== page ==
For its 80th birthday, Paul Stuart got a functioning customer database.
The database serves as the foundation for the company’s revamped marketing strategy. The goal was for the retailer to first understand who its customers were, how often they shopped and what products they tended to gravitate toward. This information goes far beyond what it formerly knew about customers, which was limited to average order value. From there, the company divided its full customer base into segments, slicing and dicing by factors like purchase behavior and style profile, and then used machine learning to revamp what customers received which email newsletters and Facebook ads, and how often.
“When I joined, there was no digital advertising,” said Jessica Granata, the director of digital marketing and CRM at Paul Stuart, who joined the company from Brooks Brothers in January 2017. “There were a million things to do. We didn’t have much of anything in terms of CRM. We couldn’t identify customer life-cycles. It wasn’t in good shape. But it ended up being kind of great, because we could only go up from there.”
Paul Stuart, which has a smaller women’s business, a wholesale line and a younger, more modern brand called Phineas Cole, specializes in tailored clothing that start at $2,000 each. It’s an aging heritage retailer, and CEO Paulette Garafalo, who joined the brand in 2016, was tasked with recruiting new, younger customers, building up the wholesale, international and women’s businesses and fleshing out the made-to-order business online.
For legacy luxury brands overall, reconfiguring business strategies to align with, and keep up with, changing customer behavior is a mounting challenge when old processes no longer fly.
“Luxury brands come from a world of having a ‘mega brand’ built on superior design,” said Pini Yakuel, CEO of Optimove, the marketing platform Paul Stuart used. “Their marketing strategies are not built to scale or move at the speed of the customer. So access to customer data is really poor; they have dispersed offline and online data, and, as a result, they suffer from the time of ideation to execution. Some brands are now realizing they need to change this approach.”
For Granata and her team, the goal was simply to drive more sales through digital marketing. To do that, the customer database combined online customer data with data from store sales associates to define customer style profiles and behavior. Like most fashion retailers, Paul Stuart’s most effective digital channel is email marketing, so Granata focused there when thinking up new messaging strategies shaped by the customer insight culled in the data. For instance, she said, customers (and especially the younger Phineas Cole customers) responded particularly well to styled “lay down” emails, where new products are shown arranged in the form of outfits. The marketing team worked with the merchandising team to create several versions of that product display to send to different customer segments, depending on their likelihood to buy into a certain style.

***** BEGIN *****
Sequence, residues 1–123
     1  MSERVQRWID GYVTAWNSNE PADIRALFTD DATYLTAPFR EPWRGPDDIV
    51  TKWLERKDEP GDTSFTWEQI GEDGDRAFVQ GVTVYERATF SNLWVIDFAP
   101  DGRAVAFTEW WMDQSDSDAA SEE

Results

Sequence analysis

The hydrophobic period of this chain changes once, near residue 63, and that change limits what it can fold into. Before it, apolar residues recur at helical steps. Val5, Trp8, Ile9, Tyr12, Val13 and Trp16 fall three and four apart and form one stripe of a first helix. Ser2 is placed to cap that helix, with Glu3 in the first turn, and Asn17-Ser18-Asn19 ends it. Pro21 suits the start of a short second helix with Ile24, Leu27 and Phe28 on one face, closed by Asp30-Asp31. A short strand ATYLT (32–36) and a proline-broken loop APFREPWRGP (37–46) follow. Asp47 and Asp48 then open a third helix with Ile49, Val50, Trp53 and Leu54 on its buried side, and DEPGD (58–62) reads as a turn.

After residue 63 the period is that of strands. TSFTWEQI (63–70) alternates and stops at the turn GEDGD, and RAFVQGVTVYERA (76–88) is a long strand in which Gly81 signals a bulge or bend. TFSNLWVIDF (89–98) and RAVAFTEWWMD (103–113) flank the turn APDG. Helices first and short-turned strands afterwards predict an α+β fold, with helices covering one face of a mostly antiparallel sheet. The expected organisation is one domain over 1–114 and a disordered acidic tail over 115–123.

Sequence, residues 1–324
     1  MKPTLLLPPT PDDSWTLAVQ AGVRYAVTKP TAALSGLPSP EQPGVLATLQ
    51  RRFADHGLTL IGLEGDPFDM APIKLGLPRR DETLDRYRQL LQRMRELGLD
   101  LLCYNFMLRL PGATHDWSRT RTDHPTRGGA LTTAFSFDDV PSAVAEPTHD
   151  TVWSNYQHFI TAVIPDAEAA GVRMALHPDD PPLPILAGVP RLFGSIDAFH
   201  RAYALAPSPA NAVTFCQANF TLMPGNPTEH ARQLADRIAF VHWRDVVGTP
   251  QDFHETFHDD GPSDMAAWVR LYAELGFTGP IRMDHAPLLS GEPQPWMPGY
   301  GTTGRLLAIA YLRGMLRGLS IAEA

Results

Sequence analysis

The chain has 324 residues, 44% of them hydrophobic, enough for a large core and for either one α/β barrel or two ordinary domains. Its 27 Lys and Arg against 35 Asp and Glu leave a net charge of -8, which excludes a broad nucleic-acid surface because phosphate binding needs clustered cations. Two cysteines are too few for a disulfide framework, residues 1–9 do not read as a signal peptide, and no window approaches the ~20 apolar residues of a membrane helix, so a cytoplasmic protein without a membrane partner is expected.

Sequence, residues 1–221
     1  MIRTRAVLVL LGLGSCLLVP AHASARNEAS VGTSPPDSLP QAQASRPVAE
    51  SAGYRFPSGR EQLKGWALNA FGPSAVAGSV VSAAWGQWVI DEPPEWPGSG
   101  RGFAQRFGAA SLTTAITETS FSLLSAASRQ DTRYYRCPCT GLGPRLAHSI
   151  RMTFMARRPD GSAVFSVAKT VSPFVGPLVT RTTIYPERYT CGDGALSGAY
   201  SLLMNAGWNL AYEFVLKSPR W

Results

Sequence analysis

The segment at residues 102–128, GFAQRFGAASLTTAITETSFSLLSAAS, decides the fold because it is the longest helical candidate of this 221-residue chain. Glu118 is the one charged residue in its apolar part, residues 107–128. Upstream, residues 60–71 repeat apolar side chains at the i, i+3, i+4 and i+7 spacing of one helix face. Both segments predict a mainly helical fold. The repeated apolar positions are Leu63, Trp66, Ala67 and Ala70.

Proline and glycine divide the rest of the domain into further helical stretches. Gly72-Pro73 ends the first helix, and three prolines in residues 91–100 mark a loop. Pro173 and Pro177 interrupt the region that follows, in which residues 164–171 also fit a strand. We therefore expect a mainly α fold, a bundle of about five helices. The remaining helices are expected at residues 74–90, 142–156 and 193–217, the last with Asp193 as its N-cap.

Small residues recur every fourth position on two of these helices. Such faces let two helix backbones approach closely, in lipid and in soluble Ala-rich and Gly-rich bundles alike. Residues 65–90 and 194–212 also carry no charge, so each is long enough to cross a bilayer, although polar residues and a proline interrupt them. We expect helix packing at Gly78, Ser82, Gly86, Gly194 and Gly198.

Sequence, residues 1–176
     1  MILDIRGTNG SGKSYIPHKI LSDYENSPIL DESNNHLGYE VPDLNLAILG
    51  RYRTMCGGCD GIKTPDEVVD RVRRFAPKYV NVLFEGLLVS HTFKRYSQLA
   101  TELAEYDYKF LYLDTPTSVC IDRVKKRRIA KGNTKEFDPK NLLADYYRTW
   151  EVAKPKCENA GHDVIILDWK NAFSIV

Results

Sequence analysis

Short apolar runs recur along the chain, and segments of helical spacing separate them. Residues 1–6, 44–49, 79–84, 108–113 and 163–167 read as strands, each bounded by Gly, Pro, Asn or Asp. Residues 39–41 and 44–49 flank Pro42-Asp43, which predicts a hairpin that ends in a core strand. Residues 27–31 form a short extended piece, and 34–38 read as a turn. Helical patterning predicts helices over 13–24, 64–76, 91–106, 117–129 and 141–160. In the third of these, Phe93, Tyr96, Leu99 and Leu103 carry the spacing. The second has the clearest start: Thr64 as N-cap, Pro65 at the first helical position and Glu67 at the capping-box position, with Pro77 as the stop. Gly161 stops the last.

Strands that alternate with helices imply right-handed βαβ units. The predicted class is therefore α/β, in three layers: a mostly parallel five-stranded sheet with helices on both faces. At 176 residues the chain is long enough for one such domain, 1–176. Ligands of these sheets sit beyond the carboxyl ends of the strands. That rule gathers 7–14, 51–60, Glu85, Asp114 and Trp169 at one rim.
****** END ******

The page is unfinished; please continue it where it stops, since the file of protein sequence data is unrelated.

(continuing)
Granata was also able to carve out a list of core customers from the mass customer database, targeting those who shop most often and respond to email pushes most often. By segmenting out customer groups and personalizing messages accordingly, Granata said email open rates tripled, on average. Whereas mass emails might dip as low as a 10 percent open rate, targeted emails saw between a 20 and 50 percent open rate.
“The marketing team, while small, has 100 percent changed the way it works in the past two years. We’ve gamified our approach, in a way, where we can continually have new ideas, test different combinations and send to more customers,” she said. “It’s kind of fun, in that you get your results pretty instantly — that’s the beauty of digital.”
Smarter email messaging is also playing a key role in pushing more customers to shop both in stores and online, which increases their lifetime order value. Granata said the team has laid out a three-part email series for customers who have only ever shopped in stores: After one in-store purchase, they’ll receive an email listing off online ordering benefits, like free returns and shipping. If the customer’s next purchase is again made in store, the next email gets more specific, by going into exclusive online products and features like live chat and the content blog. After three consecutive in-store purchases, the customer will get an email with a 15 percent-off code, exclusively for online orders.
Conversely, customers who shop exclusively online will get a series of emails about the in-store experience and then, if necessary, a promo code.
“We’re not overly promotional, but at the end of the day, we want that cross-channel customer,” said Granata.
Data is also feeding back and forth from the in-store and online channels. Store stylists, who Granata pointed out are often decades-long employees, will receive online-supplemented data regarding their client lists, so they can see what they’re purchasing or browsing online. The company is in the process of creating a more detailed in-store database based on the information stylists collect, which Granata said will be used to both better inform the overall business and push offerings to new customers.
Using machine learning, Granata has also been able to identify the company’s biggest hurdles, like one-time purchasers, and figure out how to bring them back in for a second purchase. Yakuel said the goal is to free up time for fashion brands to focus on creative marketing strategies, not spreadsheets.
“For a heritage brand, that heritage is invaluable. A machine doesn’t get that,” said Granata. “But we can use this data to better understand that intangible quality that has made Paul Stuart last for nearly 100 years: Why do our customers continue to come here and spend money like they do, and how do we recruit a younger customer without straying too far from our original brand message?”